Overcoming the IoT interoperability hurdle

Just about every surface in the material world, or environment in the digital world, is being fitted with a form of data emission to describe itself and its behavior. This includes but is not limited to cars, software applications, factories, 400-ton mining trucks, financial markets, power grids, ice caps, satellites, apparel, appliances, phones, bodies, brains, jet engines—the list goes on. If the ripening of your apples isn’t already being tracked by line graphs in a cloud-based app, it may be soon.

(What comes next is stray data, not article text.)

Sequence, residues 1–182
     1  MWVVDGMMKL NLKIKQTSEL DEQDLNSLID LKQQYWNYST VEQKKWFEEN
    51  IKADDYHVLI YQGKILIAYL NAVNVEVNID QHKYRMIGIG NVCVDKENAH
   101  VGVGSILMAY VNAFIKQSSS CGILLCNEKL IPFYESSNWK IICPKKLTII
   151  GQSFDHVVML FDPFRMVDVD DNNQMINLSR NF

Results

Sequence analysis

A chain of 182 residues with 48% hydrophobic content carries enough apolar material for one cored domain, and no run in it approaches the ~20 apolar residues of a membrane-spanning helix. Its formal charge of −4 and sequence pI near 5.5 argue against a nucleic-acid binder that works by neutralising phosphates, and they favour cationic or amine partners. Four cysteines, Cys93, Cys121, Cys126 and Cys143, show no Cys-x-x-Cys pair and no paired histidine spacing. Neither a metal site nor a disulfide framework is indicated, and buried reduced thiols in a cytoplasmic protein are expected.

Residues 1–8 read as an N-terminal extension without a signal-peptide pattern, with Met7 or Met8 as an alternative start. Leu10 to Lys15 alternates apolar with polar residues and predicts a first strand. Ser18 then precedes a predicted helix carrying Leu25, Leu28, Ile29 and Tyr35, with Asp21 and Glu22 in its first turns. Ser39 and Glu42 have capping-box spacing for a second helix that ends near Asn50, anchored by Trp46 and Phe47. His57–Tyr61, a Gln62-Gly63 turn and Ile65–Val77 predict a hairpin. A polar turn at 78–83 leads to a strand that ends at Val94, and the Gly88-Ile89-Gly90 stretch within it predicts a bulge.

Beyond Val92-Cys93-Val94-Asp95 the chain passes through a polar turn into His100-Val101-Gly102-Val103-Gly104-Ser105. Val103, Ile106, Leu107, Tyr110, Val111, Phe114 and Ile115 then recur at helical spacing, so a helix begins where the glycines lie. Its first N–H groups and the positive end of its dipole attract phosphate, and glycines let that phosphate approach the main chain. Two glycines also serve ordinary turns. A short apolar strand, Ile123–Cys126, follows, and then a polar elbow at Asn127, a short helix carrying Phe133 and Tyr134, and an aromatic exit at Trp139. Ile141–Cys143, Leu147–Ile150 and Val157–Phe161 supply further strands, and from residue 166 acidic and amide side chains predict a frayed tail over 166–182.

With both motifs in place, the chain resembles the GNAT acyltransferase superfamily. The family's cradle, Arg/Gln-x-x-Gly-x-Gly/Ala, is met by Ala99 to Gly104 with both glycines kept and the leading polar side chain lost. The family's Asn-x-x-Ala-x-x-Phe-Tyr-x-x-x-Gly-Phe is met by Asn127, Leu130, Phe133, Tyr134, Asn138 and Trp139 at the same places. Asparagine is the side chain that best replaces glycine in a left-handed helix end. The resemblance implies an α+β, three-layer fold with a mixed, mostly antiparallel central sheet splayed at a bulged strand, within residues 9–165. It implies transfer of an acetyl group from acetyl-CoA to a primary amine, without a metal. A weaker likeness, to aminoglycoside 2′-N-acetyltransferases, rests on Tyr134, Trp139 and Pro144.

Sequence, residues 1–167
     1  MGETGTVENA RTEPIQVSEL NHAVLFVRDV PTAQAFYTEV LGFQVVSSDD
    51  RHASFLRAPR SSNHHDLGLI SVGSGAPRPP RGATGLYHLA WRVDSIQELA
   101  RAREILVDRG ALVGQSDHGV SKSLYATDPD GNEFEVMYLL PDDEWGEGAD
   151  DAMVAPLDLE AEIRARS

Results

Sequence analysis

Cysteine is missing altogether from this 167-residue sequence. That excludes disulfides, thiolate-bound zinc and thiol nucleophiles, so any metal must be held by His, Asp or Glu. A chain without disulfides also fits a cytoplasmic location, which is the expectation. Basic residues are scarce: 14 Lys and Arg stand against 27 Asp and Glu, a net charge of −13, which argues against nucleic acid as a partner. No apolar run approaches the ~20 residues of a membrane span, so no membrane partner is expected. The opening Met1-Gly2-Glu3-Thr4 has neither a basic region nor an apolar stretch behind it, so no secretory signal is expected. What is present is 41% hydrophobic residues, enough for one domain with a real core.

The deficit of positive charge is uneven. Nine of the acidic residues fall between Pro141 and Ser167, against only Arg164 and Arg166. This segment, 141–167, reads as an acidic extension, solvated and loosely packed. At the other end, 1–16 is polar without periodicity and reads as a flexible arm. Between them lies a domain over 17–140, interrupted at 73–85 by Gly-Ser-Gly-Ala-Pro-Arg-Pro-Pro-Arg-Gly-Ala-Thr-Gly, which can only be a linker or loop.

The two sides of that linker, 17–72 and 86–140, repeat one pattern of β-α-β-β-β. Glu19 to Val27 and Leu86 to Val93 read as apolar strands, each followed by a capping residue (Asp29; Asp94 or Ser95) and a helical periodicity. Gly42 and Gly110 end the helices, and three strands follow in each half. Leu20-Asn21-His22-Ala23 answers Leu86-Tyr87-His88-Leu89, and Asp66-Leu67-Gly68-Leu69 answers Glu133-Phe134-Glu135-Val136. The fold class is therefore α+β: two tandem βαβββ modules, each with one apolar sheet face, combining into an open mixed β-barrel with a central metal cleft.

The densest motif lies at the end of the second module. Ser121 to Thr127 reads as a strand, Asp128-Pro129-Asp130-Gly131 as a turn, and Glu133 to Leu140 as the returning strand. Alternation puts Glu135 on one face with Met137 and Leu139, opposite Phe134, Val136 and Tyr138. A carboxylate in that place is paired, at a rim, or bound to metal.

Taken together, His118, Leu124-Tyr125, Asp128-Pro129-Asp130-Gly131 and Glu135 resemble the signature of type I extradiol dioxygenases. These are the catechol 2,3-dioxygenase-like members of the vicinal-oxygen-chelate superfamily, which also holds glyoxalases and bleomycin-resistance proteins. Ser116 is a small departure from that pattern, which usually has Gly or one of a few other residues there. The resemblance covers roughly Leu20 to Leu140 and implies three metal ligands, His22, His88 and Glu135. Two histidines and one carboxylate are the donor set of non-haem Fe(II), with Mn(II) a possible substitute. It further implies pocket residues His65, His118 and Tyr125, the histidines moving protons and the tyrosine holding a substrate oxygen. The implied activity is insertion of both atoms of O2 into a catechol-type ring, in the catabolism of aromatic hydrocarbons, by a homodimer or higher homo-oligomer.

It’s no surprise, then, that data is growing exponentially. By 2025, the world will be fitted with 41.7 billion IoT devices that transmit 73.1 zettabytes of data. The importance of data rises as businesses increasingly use it to make business-altering decisions, and more data means instrumenting things that previously went uninstrumented.

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